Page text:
For Intune / Microsoft Endpoint Manager, no solution was known yet. So I base64 encoded Bernd’s solution and wrapped it into a SYSTEM wide scheduled task that is triggered by a security eventlog logoff entry.
Deploy this to your VM’s in Intune (either through a user or a machine group) and it’ll ensure users’ VM’s get deallocated when they log off.
This also works on shared VM’s, as it will only deallocate if it is the last user logging off.
4. Accept further defaults and when created click Go to resource:
5. Under the Identity option, click Azure Role Assignments:
6. Be sure to select the same subscription your Virtual Machines are in:
7. If you wish to scope permissions more specifically (always recommended), at minimum you’ll need to assign Virtual Machine Contributor to the resource group(s) containing your VM’s and Log Analytics Reader on your log analytics workspace.
8. Now create a runbook in your new automation account:
11. Go to modules and click browse gallery, search for ADDRS:
12. Wait for the import to complete. If it fails, check if you have installed the 7.1 versions of these requires modules, install if needed and try again:
13. Run the runbook to test, or link it to a schedule:
14. if you want to use a schedule different from weekly, make sure to also add the -measurePeriodHours parameter to match, and if you use maintenance windows, include those as well as described in the module manual.
It has long annoyed me that all the scaling options in Azure just add and remove hosts. They never target the host itself. Hosts are either under or overutilized in 84% of the case.
And this is especially relevant for AVD personal hostpools where users each have their own personal “VDI”.
So I’m releasing a custom PowerShell module called “ADDRS” (Azure Data Driven Right Sizing) that grabs mem/cpu performance of the VM or all VM’s in a resource group you tell it to check. It will then do some smart voodoo magic to determine what size out of an allowlist best fits.
Instructions / Example:
Use -WhatIf if you don’t want it to resize the VM
Use -Force if you want to resize a VM even if it is online (which will cause it to be shut down!)
Use -Boot if you want the VM to be started after resizing (by default it will stay deallocated)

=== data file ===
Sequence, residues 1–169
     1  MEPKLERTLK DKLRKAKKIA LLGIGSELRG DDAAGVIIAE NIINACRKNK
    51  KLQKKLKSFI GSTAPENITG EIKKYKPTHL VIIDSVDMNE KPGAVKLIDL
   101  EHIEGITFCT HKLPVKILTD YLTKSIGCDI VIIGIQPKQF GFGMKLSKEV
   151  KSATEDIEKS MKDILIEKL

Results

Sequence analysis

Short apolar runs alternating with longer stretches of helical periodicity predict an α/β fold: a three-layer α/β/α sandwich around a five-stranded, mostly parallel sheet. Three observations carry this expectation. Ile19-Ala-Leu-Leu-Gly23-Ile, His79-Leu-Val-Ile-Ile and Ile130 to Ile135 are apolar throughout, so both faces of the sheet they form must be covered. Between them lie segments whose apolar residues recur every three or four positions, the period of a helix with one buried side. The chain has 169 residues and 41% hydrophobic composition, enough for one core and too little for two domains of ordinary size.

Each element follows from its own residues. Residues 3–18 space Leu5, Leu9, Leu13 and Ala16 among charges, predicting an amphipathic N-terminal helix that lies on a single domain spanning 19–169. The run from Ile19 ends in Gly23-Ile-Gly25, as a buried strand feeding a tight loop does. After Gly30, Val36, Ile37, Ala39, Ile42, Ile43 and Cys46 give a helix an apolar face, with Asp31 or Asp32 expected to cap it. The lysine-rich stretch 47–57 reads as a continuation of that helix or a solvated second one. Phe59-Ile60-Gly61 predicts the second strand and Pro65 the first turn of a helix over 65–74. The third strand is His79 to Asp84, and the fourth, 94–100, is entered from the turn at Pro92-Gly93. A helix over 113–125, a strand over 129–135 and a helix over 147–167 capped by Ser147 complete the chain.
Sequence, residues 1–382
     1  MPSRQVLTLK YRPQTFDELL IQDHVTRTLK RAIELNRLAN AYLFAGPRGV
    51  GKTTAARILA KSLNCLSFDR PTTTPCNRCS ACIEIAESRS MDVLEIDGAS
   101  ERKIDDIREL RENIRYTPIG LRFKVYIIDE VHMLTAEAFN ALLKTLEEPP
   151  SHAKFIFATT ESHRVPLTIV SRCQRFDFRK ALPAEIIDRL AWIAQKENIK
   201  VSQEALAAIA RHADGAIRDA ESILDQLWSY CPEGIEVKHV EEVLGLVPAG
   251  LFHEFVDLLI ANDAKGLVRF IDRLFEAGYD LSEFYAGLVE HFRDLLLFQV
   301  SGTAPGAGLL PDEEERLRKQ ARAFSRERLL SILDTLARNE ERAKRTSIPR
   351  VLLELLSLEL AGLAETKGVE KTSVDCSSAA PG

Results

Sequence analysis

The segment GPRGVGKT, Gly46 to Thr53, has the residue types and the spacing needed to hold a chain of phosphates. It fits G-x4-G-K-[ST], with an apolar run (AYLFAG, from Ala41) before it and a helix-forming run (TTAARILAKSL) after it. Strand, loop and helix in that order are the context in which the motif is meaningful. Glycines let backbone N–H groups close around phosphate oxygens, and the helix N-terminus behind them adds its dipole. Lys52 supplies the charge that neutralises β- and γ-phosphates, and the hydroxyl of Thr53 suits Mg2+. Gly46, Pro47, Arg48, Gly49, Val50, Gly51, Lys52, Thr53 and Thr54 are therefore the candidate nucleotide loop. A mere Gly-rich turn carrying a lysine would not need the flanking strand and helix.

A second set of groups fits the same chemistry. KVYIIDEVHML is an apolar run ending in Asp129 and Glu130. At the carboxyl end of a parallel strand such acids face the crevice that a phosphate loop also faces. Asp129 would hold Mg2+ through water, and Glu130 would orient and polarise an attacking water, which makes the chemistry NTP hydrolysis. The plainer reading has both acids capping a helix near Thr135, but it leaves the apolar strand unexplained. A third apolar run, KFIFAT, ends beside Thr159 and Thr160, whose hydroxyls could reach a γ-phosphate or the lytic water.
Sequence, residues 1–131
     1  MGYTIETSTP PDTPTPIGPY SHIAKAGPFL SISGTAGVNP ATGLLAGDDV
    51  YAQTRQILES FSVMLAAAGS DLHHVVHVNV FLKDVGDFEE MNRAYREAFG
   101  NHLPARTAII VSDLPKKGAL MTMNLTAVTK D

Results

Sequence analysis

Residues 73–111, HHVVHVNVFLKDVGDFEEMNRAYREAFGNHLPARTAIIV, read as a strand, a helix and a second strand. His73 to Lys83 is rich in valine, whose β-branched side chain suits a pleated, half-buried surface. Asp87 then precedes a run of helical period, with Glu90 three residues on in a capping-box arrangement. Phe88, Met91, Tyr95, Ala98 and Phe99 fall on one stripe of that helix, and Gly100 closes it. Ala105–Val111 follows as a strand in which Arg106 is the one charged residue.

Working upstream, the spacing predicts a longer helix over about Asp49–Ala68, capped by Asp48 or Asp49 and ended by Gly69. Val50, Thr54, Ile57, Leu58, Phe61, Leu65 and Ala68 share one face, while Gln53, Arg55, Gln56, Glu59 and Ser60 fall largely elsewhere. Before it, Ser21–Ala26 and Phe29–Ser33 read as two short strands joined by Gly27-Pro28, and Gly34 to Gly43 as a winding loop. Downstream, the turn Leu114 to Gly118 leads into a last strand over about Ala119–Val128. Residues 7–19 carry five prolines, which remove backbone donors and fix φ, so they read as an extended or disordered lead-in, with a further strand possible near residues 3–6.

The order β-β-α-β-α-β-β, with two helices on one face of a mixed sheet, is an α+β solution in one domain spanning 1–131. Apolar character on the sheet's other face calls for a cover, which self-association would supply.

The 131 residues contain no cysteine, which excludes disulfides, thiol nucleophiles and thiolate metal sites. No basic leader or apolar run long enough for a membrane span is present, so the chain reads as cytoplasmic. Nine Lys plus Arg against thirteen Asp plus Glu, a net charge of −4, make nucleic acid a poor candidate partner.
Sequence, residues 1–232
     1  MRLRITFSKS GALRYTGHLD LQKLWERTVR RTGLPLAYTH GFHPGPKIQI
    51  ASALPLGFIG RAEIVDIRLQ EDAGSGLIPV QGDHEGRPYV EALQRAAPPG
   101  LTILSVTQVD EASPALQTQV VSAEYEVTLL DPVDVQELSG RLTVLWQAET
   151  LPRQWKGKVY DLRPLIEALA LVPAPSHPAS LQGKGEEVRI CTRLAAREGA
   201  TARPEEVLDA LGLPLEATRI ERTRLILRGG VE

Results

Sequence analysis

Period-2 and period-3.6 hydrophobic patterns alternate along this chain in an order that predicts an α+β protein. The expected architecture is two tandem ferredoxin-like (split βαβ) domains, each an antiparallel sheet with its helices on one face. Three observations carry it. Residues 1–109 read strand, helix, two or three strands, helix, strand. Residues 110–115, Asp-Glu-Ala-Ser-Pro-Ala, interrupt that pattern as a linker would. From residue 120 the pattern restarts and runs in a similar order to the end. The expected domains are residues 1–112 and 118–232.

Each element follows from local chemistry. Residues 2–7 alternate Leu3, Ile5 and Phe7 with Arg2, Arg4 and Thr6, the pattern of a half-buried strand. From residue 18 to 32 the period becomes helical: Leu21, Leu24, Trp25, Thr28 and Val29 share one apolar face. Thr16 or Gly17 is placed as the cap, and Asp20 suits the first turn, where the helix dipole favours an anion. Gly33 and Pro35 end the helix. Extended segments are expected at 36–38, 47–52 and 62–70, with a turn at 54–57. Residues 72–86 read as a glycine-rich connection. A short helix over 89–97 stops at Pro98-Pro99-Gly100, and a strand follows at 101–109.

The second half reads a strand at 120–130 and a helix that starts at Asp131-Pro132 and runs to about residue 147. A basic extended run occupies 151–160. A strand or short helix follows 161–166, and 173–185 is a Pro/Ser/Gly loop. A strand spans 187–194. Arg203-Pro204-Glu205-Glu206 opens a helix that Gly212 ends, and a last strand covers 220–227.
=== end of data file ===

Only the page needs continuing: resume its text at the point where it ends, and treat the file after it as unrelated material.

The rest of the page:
Use -domain with your domain if your VM is domain joined
Use -region if your region is not westeurope
Use -Verbose if you want the full output incl financial projection
Use -Report if you want to output data to csv. Can be used together with -WhatIf
Modify minMemoryGB, maxMemoryGB, minvCPUs, maxvCPUs as desired for your usecase
You can adjust the preconfigured allowedVMTypes array to only allow specific VM types, by default it contains “Standard_D2ds_v4″,”Standard_D4ds_v4″,”Standard_D8ds_v4″,”Standard_D2ds_v5″,”Standard_D4ds_v5″,”Standard_D8ds_v5″,”Standard_E2ds_v4″,”Standard_E4ds_v4″,”Standard_E8ds_v4″,”Standard_E2ds_v5″,”Standard_E4ds_v5″,”Standard_E8ds_v5”. Overwrite it by using the following parameter: -allowedVMTypes @(“Standard_D4ds_v4″,”Standard_D8ds_v4”)
use -maintenanceWindowStartHour, -maintenanceWindowLengthInHours and –maintenanceWindowDay if you want to ignore performance data during a maintenance window (e.g. for patching) as that isn’t representative
Set an Azure Tag called LCRightSizeConfig with the value disabled on machines you want to ignore
Set an Azure Tag called LCRightSizeConfig with a machine type value (e.g. “Standard_D4ds_v4“) if you want to lock a specific size for that machine, this can be useful if you want the script to resize from current to target automatically when it runs while the VM has been deallocated.
Example -Verbose output of two VM’s being resized:
The module will check if there is sufficient data about the machine in Azure Monitor, if not, no action will be taken. You can determine how far back the function looks by modifying $measurePeriodHours
If you’re using the more recent Azure Monitoring agent, add the perf counters here:
Virtual Machine Contributor to the resource group(s) containing your VM’s and Log Analytics Reader on your log analytics workspace.
It is recommended to match job schedules to the lookback period, or at least not run multiple times in the same lookback period. Otherwise, the data that is being used for sizing may not be representative if the machine had already been resized in an earlier run.
Issues / notes
Make sure you’ve got enough data in Log Analytics
Make sure the allowedVMTypes list contains only VM types that you can actually upgrade to. If e.g. your VM has an ephemeral disk, and your allowList has types that do not, the resize will fail with an error message (but no harm will be done to the existing VM)
I’ve only tested the maintenance window parameters using UTC time, if you’re using different timezones your results in excluding data generated during the maintenance window may vary from mine
To allow admins further customization of these settings, I’ve written a Proactive Remediation script that can customize any VPN profile property to any value you specify.
In our case, we used it to set IpInterfaceMetric, which defaults to 0, causing ambiguously routed traffic to never prefer the VPN connection (since this is a split tunnel connection). Setting it to 1 resolved our DNS/routing issues to certain private endpoints in our Azure environment.